I mean yeah RTT is fine distinction / subgenre, but I was speaking more generally based on expected conventions.
There is stuff like Freedom Force that I could call RTT. I mean if only the game was turn based it would be a proper tactics game similar to XCOM or Jagged Alliance only without a strategy layer. As is, it is real time with pause, the poor mans turn base.
I watched some footage of Icewind Dale. A lot of it was talking, and then some mob-bashing.
I feel if we say that’s an RTS, then we also have to say the same for Neverwinter Nights, Divinity: Original Sin etc … and maybe even Diablo! (What genre even is Diablo?!)
At this point we’re basically saying all games belong to a few meta-genres, like real-time, turn-based etc and that RTS is one of those. I feel the genre is starting to lose it’s meaning at that point.
Icewind Dale is a CRPG. You build a party and the party thrives and gains power using their abilities (not the players). Fundamental RPG here. There’s a lot of dialogue, and dungeons, encounter design, simple puzzles, and did I mention quests! There’s quests! These are all common conventions of the genre that is called…wait for it, RPG. Definitely not to be confused with RTS!
My original description of RTS wasn’t meant to be exhaustive, but another major difference is RTSs usually have dynamic AI over an entire “match” that tries (and usually falls short) of trying to emulate another human player. Not to mention it’s a totally different type of bloody game. I would never recommend someone Icewind Dale if they asked me to recommend an RTS.
My experience, playing and beating the game in the original, and playing again in the Enhanced Edition is the talking is fairly minimal and very skippable. Much like a cut scene from Command and Conquer, or the conversations that take place in Warcraft 3. It’s place holder.
Do you argue that the cut scenes from Emperor Battle for Dune or Red Alert make that an RPG as well?
As for your other point, Neverwinter Nights, Divinity: Original Sin and Diablo, there are a few key factors that don’t make it fall into the area of RTS, at least not as hard as Icewind Dale.
Neverwinter Nights - has two factors that make it more of an RPG -
a storyline that you actually interact with, and have an impact on, which Icewind Dale does not (the story is almost entirely linear)
the need to recruit NPCs and the focus on creating only your own character.
Added it together, and yes it has some of the RTS elementals, but not nearly as many as Icewind Dale, and sticks more closely to an RPG, in both control of the story, and the focus on a single player character.
Divinity: Original Sin - Pretty much the same exact argument, except you create 2 characters.
Diablo - although, like Icewind Dale, you have zero control of the storyline, unlike Icewind Dale, you are responsible for only a single character. There is no army/unit management in Diable, unlike Icewind Dale.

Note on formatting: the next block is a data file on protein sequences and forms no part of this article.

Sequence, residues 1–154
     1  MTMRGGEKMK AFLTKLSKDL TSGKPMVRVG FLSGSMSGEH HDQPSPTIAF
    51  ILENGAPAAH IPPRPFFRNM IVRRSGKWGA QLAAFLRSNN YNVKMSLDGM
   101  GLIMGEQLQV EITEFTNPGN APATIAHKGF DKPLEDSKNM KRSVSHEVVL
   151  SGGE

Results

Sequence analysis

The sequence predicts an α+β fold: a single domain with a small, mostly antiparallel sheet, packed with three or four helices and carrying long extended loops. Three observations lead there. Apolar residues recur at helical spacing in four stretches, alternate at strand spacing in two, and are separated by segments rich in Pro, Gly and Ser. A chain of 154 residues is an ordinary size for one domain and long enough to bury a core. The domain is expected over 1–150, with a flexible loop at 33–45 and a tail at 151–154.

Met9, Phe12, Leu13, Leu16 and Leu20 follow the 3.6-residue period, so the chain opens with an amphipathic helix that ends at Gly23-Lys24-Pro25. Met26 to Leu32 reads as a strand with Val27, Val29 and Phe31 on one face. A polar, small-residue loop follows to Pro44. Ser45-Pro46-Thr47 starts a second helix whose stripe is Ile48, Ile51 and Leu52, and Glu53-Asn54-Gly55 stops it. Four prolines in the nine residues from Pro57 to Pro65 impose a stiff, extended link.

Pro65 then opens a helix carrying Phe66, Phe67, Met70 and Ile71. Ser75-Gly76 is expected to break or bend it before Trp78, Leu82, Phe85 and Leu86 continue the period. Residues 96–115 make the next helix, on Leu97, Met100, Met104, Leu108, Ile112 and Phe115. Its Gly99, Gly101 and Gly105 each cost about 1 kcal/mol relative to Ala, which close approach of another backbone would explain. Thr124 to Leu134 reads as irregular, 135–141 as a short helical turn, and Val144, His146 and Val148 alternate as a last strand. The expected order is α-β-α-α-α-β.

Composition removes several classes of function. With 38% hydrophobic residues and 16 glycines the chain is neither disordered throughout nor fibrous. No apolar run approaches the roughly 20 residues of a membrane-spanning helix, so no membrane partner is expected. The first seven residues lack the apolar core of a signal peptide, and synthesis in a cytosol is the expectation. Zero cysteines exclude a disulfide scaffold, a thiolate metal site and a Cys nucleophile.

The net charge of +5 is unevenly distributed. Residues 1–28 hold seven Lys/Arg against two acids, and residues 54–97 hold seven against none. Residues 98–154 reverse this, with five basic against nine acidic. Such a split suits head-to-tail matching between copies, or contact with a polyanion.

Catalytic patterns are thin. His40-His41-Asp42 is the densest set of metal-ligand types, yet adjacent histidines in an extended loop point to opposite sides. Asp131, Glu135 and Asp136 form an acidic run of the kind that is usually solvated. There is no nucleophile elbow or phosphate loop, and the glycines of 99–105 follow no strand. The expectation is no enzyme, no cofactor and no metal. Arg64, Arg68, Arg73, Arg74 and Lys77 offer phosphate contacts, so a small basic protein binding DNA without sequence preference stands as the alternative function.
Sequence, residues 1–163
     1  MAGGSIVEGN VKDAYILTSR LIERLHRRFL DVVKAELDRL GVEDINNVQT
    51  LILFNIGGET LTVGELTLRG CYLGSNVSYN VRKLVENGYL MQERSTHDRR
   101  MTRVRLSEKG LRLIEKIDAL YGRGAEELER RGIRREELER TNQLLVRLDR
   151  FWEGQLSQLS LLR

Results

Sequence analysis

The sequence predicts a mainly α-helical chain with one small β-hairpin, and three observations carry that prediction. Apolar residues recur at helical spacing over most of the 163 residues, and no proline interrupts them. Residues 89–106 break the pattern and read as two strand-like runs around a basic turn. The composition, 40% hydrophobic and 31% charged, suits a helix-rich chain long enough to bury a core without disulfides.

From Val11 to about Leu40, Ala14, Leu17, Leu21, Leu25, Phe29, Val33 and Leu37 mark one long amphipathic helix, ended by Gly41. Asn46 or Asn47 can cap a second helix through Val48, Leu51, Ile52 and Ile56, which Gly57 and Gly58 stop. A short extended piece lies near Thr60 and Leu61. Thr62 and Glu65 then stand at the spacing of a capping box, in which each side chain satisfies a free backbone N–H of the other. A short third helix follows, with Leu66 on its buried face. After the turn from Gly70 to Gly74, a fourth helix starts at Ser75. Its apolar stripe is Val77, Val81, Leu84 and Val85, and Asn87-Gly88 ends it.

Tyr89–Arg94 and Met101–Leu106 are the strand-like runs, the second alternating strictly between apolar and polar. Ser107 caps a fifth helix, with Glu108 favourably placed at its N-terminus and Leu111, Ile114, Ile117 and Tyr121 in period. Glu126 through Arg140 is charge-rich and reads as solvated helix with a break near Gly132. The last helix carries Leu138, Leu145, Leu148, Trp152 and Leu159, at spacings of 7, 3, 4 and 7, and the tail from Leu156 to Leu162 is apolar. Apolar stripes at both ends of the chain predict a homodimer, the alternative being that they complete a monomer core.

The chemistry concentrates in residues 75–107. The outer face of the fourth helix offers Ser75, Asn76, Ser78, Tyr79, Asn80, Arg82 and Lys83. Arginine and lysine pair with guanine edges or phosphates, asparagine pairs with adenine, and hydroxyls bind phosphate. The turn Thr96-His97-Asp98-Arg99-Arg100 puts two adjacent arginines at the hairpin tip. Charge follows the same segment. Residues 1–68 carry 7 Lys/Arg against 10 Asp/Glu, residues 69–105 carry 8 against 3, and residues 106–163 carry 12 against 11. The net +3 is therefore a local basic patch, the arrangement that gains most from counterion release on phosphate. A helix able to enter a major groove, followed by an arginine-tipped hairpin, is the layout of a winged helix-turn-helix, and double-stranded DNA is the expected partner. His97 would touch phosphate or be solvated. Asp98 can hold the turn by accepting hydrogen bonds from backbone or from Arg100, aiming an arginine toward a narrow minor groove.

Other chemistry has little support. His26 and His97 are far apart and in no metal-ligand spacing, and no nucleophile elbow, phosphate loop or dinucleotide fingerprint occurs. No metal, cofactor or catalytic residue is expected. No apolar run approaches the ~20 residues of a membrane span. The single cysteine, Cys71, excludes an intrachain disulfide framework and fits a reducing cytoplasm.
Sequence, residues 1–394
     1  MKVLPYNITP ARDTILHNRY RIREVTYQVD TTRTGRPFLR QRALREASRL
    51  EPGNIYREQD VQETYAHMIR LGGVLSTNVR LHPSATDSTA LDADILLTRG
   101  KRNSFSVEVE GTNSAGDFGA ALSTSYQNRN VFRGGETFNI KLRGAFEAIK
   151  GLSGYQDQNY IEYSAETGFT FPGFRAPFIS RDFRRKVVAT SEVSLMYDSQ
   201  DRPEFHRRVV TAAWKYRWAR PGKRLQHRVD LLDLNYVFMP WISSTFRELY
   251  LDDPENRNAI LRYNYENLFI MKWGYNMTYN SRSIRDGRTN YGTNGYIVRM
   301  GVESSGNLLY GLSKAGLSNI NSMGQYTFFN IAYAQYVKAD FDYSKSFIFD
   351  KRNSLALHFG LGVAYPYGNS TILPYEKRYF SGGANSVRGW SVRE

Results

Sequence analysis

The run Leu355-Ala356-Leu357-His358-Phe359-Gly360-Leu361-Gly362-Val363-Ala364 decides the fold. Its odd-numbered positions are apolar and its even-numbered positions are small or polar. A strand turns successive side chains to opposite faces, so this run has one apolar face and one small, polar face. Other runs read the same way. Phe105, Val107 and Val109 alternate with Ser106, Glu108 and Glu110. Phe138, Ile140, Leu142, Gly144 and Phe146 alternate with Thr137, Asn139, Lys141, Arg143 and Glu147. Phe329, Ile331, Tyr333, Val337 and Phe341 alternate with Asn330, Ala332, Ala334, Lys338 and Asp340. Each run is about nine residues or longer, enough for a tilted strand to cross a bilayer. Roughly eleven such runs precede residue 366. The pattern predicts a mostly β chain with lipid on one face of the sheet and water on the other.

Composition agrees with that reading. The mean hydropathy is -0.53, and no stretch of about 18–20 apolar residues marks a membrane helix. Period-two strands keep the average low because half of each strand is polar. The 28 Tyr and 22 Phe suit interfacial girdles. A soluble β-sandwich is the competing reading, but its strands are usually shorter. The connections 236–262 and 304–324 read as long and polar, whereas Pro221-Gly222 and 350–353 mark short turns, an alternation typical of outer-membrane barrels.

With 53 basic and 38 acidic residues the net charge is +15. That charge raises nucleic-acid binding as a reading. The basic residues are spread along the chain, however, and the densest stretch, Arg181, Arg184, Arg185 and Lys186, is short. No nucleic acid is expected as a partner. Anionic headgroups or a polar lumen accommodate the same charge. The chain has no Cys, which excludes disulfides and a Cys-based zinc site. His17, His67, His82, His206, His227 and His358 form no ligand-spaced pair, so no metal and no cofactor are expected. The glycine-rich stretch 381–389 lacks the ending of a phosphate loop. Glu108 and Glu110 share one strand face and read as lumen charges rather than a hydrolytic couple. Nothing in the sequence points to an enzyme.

But let me ask a different question to @Pod and @roguefrog. Is X-Com a Turn-Based CRPG? It has a deep story, character leveling, tactical combat.
My argument is that if X-Com is a Strategy Game, then so is Icewind Dale, the difference is one is Real-Time and the other is Turn-Based.
I think it really depends on where the focus is. X-COM isn’t about role-playing a character, nor is the focus of Icewind Dale to move units around a map to kill other units. They both have elements of the other (X-Com has some RPG elements, Icewind Dale has tactical elements) but in the end you gotta look at the game’s primary focus, I feel at least.
In X-Com, while the units can be levelled up and such, they’re still…I mean, I don’t wanna say “expendable,” I hate losing soldiers, but if you lose a soldier, you train another one and move on.
Icewind Dale, you have 6 characters. That’s it. You fine-tune their skills and abilities, but they aren’t “units,” they’re characters. Not like the heroes in Warcraft – they’re leaders in your army. IWD these 6 characters are it, start to finish.
I acknowledge you don’t “affect” the story to the degree you do in Baldur’s Gate, but IWD is still very much a party RPG.
Also, the ability to pause and grant orders really stifles the “real-time” in RTS. The frenetic clickery is a defining feature of an RTS, and IWD lets you totally subvert that if you choose.
I guess that is were we differ. I don’t see any focus on Icewind Dale as an RPG but as a strategy game.
You create characters, but you can give all the characters 3 intelligence, and 3 Wisdom, and call them Fighter, Ranger, Wizard, Cleric, Druid and Paladin, and the game doesn’t care. Even their background is generic.
You aren’t immersed in the party, there is no dialogue between the party members. They are a single unit commanded from up high (as I see it).
I think you misunderstood. This isn’t a shitty build. Those stats, in dungeons and dragon, usually only impact the role playing aspect of the game (unless you have a wizard or cleric) in 2nd. In Baldur’s Gate, there are negative consequences to having low Intelligence or Low Wisdom. In Plane Scape Torment, it literally blocks out the ‘best’ ending.
In Icewind Dale, it allows you to min/max the more important stats of Strengths/Dexterity/Constitution and no impact on the game.
Because the game does not care about Role Playing, only Roll Playing.